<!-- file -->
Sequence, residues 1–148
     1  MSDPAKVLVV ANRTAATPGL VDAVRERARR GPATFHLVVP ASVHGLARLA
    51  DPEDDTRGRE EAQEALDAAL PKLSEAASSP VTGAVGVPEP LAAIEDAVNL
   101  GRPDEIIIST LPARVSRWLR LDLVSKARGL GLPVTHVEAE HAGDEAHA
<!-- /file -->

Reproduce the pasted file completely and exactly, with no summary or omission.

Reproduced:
Sequence, residues 1–148
     1  MSDPAKVLVV ANRTAATPGL VDAVRERARR GPATFHLVVP ASVHGLARLA
    51  DPEDDTRGRE EAQEALDAAL PKLSEAASSP VTGAVGVPEP LAAIEDAVNL
   101  GRPDEIIIST LPARVSRWLR LDLVSKARGL GLPVTHVEAE HAGDEAHA